Early Scent Introduction
Early scent introduction (ESI) is a puppy training method that aims to improve their capacity to recognize and respond to certain odors. Every day, the trainer exposes the puppy to a strong fragrance for brief periods and notes the dog's reaction.
When the puppy displays interest in the smell and moves toward it, this is considered a favorable reaction. When the puppy attempts to move away from the scent, a negative reaction is recorded. Finally, a neutral reaction occurs when a puppy is neither intrigued nor indifferent in the fragrance.
Dr. Gayle Watkins is a sports Golden Retriever breeder who began testing dogs for the usefulness of ESI over seven years ago. This entailed picking which puppies from her litters would get ESI training and which ones would not. The end product was nothing short of spectacular. The dogs who took part in ESI earned more scenting titles than those who did not, and they did so at ages as early as five years younger than the puppies that did not take part.
What Does It Mean?
These findings point to the possibility of even better companion, service, and therapy dogs in the future. Scent talents are frequently crucial. When a dog is a companion to a child with autism, for example, his main duty is likely to be that of a protector, as youngsters with autism have a tendency to wander or run away. If the dog can readily track down the child's smell and locate him or her, this may be a life-saving feature. Another circumstance where smell talents may be quite useful is alerting an old person to a gas leak or something burning on the stove — once again, there is the possibility of saving a life. Scent can also be used by service dogs to detect the early stages of a diabetic response or the start of a seizure. ESI has improved all of these abilities. Of course, not every dog will be a service or therapy dog.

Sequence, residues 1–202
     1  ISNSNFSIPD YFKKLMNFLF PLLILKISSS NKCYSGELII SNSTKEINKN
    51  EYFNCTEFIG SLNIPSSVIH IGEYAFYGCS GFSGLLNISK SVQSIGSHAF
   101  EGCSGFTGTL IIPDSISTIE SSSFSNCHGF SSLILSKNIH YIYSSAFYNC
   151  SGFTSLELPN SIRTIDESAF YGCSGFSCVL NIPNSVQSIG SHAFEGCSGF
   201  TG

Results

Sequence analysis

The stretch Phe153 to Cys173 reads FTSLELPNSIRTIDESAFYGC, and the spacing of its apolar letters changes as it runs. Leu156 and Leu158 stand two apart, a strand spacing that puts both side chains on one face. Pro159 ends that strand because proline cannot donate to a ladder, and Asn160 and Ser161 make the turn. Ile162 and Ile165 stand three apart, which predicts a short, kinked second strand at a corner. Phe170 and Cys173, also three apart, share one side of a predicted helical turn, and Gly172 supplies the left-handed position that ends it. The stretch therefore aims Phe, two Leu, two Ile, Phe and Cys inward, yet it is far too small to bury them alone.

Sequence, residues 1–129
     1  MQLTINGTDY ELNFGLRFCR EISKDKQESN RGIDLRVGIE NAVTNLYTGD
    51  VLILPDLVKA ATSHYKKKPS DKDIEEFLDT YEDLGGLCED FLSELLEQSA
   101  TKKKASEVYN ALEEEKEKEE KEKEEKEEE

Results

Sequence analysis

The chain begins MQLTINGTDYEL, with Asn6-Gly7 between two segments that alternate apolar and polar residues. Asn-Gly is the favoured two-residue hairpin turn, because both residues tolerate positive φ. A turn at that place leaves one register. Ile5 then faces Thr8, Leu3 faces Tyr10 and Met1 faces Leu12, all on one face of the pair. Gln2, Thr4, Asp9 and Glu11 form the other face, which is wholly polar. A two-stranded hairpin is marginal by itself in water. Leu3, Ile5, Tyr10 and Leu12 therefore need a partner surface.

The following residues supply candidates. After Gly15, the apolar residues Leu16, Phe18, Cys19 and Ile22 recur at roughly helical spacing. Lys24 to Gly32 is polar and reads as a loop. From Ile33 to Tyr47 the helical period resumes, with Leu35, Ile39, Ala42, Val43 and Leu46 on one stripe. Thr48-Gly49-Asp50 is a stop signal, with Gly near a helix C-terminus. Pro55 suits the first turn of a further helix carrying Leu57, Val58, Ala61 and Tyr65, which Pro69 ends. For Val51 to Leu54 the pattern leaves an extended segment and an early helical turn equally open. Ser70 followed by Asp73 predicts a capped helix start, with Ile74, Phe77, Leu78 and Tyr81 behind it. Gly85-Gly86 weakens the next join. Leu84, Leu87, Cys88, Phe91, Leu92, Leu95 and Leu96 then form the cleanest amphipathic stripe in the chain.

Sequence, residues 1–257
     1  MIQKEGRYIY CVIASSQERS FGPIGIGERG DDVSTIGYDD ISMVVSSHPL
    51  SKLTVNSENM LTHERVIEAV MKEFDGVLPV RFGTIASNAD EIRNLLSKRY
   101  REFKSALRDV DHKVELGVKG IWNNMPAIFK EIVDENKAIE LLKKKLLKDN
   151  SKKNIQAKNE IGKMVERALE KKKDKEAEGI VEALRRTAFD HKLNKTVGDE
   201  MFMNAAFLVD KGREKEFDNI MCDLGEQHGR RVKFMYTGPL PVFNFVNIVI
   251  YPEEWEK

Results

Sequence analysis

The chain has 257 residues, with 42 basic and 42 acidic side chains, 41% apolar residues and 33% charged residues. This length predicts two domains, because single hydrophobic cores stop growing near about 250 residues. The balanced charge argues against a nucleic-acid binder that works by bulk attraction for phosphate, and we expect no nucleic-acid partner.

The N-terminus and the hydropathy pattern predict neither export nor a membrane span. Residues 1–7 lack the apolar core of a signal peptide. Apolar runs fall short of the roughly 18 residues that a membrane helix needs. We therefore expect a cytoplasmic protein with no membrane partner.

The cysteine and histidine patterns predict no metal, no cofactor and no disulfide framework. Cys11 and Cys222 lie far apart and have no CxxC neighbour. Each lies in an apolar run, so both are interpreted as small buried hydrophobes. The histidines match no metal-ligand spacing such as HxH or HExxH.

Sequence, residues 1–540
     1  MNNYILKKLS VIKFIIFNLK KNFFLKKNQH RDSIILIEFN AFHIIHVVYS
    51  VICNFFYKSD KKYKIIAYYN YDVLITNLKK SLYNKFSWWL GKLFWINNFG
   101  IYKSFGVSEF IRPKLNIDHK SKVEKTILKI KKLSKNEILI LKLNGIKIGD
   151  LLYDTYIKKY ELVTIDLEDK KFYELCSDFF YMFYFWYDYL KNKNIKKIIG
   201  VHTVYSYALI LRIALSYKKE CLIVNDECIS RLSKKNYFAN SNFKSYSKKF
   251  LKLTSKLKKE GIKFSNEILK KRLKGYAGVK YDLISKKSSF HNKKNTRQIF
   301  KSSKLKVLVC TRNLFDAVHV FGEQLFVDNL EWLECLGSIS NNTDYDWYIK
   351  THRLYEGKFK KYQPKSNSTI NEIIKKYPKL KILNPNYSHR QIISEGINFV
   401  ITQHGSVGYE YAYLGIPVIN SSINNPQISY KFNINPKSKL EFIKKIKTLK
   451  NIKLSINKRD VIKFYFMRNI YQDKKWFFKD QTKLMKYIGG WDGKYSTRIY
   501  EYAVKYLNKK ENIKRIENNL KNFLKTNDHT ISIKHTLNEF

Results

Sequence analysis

But, even if a dog is to be "simply a pet," I believe that a dog who understands how to utilize its nose efficiently is always a good thing! If you're playing fetch in thick grass, a dog who learns how to search successfully to get the ball will come in handy! Or perhaps you want to train your dog to bring you your slippers (not your husband's or anybody else's! ), in which case you'll need a dog that can distinguish between odors! Or maybe you just want to play games with him, sending him around the house or yard looking for treats you've hidden? (That "hidden sweets" game is excellent for both physical and mental exhaustion!)
Because we recognize how vital a dog's sense of smell is to him and his brain function, we do the Early Scent Introduction on our Yorkie puppies at Setareh Yorkies. Depending on the dog and breed, our dogs' nostrils are 10,000 to 100,000 times more sensitive to odours than ours.
What does this imply for canines? They explore and comprehend the environment through their noses, according to Alexandra Horowitz, author of Inside of a Dog, in the same way that humans perceive and make sense of the world with our eyes. In dogs, the region of the brain that interprets signals from the nose is 40 times greater than in humans. The capacity to smell is a function of a dog's intelligence.
The Early Scent Procedure Introduction
Begin exposing your pups to ESI when they are three days old and cease when they are sixteen days old. Soil, Pine Shavings, Cinnamon, Star Anise, Lavendar, Black Tea, Tennis Ball, Coconut, Leather, Rabbit, Camomille, Alpaca Fur, Cloves & Lemon Grass are all used at Setareh Yorkies.
Every day, a new scent is introduced. To do so, we pick up the puppy or sit with it in our lap on the floor. We keep one hand on the dog so he doesn't wiggle away before the fragrance is presented. Then we hold the scent-bearing item approximately half an inch away from his nose with your other hand.
We'll let him move closer to the smell if he wants to. On the other hand, if he wants to go away from it, that's OK as well. The reaction is then classified as favorable, negative, or neutral. The technique is then repeated with the other puppies in the litter.